Along with her artistic abilities, Sister Marion has a passion for all God’s creation. She is an organic gardener and shares her tomatoes with the community every summer. “I have some in the freezer now,” Sister Marion said. “I preserve them and share as much as I can and I make raspberry jam for Christmas gifts.”

Her concern is for the whole earth, she said. Sister Marion uses no pesticides besides those found in nature. “I like the idea of giving your body the best you can. I like growing healthy, good clean food,” she said.

Along with preserving and respecting nature, Sister Marion feels her philosophy ought to extend to God’s creatures too so she is a vegetarian. She does her gardening by hand so she benefits from the exercise. “I enjoy being out there. It’s very good for me,” she said. Sister Marion is one of those gardeners who can’t wait for the latest seed catalog to arrive. She grows her food from heirloom seeds and says, “You wouldn’t believe all the varieties of tomatoes there are. There are hundreds of varieties. There’s one called the mortgage lifter so it must have made someone so much money they paid the mortgage off.”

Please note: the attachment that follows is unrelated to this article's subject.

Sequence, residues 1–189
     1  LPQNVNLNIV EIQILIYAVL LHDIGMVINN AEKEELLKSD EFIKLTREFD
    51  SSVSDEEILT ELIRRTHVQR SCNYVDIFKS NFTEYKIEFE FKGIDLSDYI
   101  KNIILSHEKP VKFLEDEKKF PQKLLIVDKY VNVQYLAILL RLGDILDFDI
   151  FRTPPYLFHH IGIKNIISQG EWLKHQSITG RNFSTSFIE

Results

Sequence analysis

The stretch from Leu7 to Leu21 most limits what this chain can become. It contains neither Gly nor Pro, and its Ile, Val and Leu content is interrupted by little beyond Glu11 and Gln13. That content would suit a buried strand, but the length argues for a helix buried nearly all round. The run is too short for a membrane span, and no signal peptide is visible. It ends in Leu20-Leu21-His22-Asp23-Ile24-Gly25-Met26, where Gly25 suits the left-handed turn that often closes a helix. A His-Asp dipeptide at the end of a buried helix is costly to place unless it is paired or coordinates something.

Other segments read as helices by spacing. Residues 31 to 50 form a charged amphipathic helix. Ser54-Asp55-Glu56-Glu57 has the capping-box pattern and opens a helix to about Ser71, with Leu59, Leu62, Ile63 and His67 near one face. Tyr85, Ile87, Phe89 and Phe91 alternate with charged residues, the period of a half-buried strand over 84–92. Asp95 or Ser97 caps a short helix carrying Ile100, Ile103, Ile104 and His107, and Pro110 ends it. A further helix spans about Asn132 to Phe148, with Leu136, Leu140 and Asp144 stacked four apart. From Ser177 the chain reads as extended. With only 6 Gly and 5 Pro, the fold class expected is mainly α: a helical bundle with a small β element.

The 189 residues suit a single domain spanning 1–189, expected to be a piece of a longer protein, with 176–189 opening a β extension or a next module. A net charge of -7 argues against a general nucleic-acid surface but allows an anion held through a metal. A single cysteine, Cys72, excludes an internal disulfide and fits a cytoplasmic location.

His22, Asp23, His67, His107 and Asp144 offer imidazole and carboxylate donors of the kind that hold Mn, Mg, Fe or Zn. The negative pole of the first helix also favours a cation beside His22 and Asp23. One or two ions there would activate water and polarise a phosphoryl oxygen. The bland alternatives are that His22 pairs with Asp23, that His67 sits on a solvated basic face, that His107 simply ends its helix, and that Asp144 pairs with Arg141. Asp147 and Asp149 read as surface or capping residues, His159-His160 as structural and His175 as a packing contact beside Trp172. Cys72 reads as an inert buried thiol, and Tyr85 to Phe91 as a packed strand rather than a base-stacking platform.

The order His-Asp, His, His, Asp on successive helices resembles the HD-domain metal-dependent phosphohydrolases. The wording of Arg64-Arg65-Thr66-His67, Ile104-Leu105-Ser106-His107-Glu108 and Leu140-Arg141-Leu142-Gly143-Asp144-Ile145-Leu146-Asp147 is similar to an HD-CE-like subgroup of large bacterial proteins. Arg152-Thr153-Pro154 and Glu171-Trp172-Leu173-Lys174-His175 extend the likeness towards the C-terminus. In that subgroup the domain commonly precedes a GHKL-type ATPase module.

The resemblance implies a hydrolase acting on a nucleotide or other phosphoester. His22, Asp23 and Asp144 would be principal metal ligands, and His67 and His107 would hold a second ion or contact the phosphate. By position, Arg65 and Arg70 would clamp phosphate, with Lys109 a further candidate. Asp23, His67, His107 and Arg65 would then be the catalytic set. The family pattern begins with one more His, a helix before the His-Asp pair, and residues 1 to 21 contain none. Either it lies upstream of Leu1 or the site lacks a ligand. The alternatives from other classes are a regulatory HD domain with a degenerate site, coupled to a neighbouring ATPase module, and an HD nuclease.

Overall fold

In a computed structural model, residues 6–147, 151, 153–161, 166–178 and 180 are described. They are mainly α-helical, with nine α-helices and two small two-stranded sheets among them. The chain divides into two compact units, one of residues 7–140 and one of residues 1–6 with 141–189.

Her concern for the environment extends to the materials she uses in her craft. She uses water-based printing inks and a hand-cranked etching press laying down the lighter colors first and gradually adding more layers, or just one shot at it with one color. “I can get beautiful transparent colors with the water-based ink,” Sister Marion explained.
Sister Marion usually begins her work around 9 a.m. and then works as long as she possibly can throughout the day. She jots down ideas in an old notebook she carries. Her art may begin with a title that caught her attention or a phrase she heard. That gives her a starting point and from there, she said, there are decisions made every day with a piece of art until it evolves into its final state. Right now she has a pile of prints that didn’t “work out” so she is planning to cut or tear them up and put them back together into a new piece of art. “I don’t like the idea of throwing them away,” she said.